When the dinosaur hall at the Smithsonian Natural History Museum closed this April to undergo a $48 million renovation, Washingtonians lost a valuable provider of their Jurassic fix. That exhibit won’t be finished until 2019, but fear not, dinosaur obsessives—today the National Geographic Museum opens its own exhibit featuring a prehistoric carnivore so ferocious that scientists now say it could tear the Smithsonian’s puny Tyrannosaurus rex to pieces.
“Spinosaurus: Lost Giant of the Cretaceous” showcases a 50-foot-long skeletal model of its eponymous dinosaur, crafted after the discovery of new fossils found in the Moroccan desert and painstaking analysis of past remains and records. It’s the biggest known predatory dinosaur ever, nine feet longer than the largest T. rex on record. Sure, the two species were separated by about 35 million years—but that doesn’t mean we can’t fantasize about a good ol’ fashioned dino brawl, as the makers of 2001’s Jurassic Park III did when they had them square off in that oft-ignored sequel. (For the record, Spinosaurus won.)
But just as impressive as Spinosaurus’s power is how paleontologists found it. That story is also told in National Geographic’s exhibit, beginning with German paleontologist Ernst Freiherr Stromer von Reichenbach’s naming of the new species in 1915 after its fossils were uncovered in Egypt.
Stromer displayed the find in a Munich museum. An outspoken critic of Hitler, he tried to have his specimen moved to a safer place during World War II, but the museum’s Nazi director refused. The bones were destroyed in an Allied bombing raid in 1944, and Stromer, who also lost two sons in the war, sank into obscurity.
After that, the tale wends from a Milanese museum to the black market fossil bazaars of Morocco as paleontologist Nizar Ibrahim hunted for the most important cache of Spinosaurus fossils since Stromer’s time. “A dinosaur detective story,” Ibrahim called it. The National Geographic Museum’s skeleton is a composite based on the Moroccan bones uncovered last year, smaller remains scattered in museums around the globe, and records of the original Egyptian dig for Spinosaurus more than 100 years ago.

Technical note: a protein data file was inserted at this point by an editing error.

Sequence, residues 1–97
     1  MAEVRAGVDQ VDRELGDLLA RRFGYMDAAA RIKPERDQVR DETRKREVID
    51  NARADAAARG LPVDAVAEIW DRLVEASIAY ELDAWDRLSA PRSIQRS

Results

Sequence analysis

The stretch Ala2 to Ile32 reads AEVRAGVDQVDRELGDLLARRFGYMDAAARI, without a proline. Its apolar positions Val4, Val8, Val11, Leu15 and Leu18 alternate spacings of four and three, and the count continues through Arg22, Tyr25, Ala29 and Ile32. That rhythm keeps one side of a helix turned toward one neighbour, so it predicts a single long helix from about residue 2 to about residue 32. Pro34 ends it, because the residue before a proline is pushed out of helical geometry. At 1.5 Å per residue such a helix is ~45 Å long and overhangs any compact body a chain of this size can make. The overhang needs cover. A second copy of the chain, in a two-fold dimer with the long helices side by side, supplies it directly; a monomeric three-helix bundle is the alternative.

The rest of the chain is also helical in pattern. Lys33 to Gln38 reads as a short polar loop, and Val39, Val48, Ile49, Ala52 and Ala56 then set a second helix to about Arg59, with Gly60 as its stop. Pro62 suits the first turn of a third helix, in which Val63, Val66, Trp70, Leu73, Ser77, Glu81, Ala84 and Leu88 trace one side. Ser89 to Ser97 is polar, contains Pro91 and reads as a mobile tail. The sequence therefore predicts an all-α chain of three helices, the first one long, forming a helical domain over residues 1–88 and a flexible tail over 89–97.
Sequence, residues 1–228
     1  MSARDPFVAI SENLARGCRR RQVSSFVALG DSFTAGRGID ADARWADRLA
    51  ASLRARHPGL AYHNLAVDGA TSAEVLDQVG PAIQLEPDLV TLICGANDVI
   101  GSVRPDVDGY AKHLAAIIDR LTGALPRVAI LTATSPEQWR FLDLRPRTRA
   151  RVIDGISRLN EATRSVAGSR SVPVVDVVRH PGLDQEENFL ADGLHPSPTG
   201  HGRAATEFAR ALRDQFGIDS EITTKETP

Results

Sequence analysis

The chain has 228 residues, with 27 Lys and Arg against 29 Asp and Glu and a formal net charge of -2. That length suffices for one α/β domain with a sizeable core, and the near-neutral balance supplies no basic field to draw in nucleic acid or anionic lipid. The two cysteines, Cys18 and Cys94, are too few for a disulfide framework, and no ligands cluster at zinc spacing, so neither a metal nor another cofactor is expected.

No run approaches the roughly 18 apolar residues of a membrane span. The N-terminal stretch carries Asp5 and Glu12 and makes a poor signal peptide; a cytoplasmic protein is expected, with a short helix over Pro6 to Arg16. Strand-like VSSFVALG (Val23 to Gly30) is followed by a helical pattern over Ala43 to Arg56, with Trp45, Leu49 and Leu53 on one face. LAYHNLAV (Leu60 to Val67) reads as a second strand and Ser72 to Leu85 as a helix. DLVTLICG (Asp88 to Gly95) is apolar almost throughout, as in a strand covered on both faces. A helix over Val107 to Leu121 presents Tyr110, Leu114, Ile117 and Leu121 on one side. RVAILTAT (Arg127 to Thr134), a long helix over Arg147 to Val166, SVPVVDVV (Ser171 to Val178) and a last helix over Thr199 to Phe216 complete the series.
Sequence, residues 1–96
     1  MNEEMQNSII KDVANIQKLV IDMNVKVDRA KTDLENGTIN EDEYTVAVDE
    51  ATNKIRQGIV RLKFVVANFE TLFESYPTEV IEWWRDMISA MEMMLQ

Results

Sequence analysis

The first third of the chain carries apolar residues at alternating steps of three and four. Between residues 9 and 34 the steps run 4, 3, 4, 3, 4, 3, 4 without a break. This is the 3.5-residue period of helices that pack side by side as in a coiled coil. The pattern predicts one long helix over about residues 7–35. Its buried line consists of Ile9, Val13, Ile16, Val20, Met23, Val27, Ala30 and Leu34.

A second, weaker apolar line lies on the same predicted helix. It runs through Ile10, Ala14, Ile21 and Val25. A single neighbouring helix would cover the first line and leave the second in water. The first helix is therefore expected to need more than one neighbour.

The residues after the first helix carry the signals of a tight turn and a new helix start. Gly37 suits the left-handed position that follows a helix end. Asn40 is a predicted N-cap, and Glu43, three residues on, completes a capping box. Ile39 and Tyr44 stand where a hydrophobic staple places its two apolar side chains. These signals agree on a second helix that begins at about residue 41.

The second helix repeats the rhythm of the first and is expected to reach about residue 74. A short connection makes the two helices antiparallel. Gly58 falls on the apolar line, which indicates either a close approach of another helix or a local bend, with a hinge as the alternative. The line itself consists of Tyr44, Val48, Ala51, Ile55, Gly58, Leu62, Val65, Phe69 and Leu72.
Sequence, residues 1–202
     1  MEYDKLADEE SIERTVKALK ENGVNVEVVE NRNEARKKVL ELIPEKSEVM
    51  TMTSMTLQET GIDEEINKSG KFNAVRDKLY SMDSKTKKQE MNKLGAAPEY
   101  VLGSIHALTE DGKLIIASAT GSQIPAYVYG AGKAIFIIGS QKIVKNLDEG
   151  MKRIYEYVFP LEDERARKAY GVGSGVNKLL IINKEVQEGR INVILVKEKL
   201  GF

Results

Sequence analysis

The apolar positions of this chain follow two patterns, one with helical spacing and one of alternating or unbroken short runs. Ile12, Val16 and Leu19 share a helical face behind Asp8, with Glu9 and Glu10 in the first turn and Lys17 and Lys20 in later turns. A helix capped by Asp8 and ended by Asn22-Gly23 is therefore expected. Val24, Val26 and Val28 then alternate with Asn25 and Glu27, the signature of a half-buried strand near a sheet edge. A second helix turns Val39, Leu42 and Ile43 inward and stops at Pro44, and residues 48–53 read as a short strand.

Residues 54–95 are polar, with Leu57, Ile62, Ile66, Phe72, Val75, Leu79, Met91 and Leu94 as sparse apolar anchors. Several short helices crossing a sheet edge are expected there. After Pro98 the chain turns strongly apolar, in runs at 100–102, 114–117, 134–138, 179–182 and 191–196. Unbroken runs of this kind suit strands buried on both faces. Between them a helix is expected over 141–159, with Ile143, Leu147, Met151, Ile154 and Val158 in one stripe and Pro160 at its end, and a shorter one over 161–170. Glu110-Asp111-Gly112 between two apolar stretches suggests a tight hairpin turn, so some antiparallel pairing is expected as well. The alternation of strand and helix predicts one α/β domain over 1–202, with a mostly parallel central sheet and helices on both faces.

Ibrahim’s discovery led to a number of revelations about the enigmatic creature that were published for the first time in the journal Science yesterday. The research team revealed that Spinosaurus is history’s only known semiaquatic dinosaur, adapted to spend a large amount of time in the water hunting.
They proved that Spinosaurus’s snout— long and narrow like a crocodile, not fat like a T. rex—had nostrils placed high up on the skull, so the dinosaur could breathe while its jaw was submerged underwater. And it had pressure sensors to detect the movement of nearby fish, just like a crocodile.
The team even solved “the riddle of the sail,” as University of Chicago paleontologist Paul Sereno put it. People have argued about the purpose of the “spine” part of Spinosaurus since its unearthing. Some said it was meant to trap or disperse heat, or was used for fat storage. But Ibrahim and Sereno now believe it was used as a display—as Spinosaurus swam looking for prey, the sail would stick out of the water as a warning to other predators to stay out of its hunting grounds.
It’s clear that National Geographic wants people to get excited about Spinosaurus—the story of the new findings is on the cover of its October issue, and a PBS special will air on November 5. You can also check out a life-size flesh replica of the dinosaur in the museum’s courtyard—and, yes, there are baskets upon baskets of Spinosaurus plush dolls in the gift shop.
“Spinosaurus: Lost Giant of the Cretaceous” runs until April 12. Admission to the National Geographic Museum is $11 for adults. Find dinosaur enthusiast Michael Gaynor on Twitter at @michael_gaynor.